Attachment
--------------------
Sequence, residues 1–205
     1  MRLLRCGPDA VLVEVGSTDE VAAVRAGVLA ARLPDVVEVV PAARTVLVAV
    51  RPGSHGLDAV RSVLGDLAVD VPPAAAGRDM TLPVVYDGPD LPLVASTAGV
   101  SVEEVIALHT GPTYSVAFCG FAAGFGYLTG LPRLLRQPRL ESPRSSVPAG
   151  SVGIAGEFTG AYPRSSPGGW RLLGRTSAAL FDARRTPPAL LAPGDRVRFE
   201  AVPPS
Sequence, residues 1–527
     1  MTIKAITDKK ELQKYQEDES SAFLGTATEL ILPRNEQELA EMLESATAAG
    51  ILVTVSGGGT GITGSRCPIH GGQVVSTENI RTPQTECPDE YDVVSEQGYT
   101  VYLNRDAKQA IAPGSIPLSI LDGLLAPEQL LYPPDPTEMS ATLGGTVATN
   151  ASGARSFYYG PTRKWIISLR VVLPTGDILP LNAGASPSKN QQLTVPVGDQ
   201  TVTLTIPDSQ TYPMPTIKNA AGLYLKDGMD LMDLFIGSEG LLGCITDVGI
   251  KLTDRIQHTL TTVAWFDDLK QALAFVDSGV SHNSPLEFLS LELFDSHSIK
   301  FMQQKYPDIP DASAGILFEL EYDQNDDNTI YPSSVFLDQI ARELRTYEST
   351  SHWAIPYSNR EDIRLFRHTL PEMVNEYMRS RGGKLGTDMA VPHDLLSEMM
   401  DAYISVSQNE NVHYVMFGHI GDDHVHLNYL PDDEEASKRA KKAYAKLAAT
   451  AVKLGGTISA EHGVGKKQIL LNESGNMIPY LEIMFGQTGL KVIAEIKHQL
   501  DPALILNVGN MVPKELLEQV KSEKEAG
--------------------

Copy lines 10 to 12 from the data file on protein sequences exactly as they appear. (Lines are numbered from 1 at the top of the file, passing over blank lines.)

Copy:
   101  VYLNRDAKQA IAPGSIPLSI LDGLLAPEQL LYPPDPTEMS ATLGGTVATN
   151  ASGARSFYYG PTRKWIISLR VVLPTGDILP LNAGASPSKN QQLTVPVGDQ
   201  TVTLTIPDSQ TYPMPTIKNA AGLYLKDGMD LMDLFIGSEG LLGCITDVGI